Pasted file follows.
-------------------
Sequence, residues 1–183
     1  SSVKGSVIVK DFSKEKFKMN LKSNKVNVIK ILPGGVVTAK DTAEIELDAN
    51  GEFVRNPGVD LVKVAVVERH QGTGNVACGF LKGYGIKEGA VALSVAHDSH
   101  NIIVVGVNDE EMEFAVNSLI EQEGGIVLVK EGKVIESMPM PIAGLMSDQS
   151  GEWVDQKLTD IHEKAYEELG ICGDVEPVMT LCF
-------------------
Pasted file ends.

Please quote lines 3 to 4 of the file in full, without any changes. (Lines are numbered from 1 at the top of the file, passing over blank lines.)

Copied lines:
    51  GEFVRNPGVD LVKVAVVERH QGTGNVACGF LKGYGIKEGA VALSVAHDSH
   101  NIIVVGVNDE EMEFAVNSLI EQEGGIVLVK EGKVIESMPM PIAGLMSDQS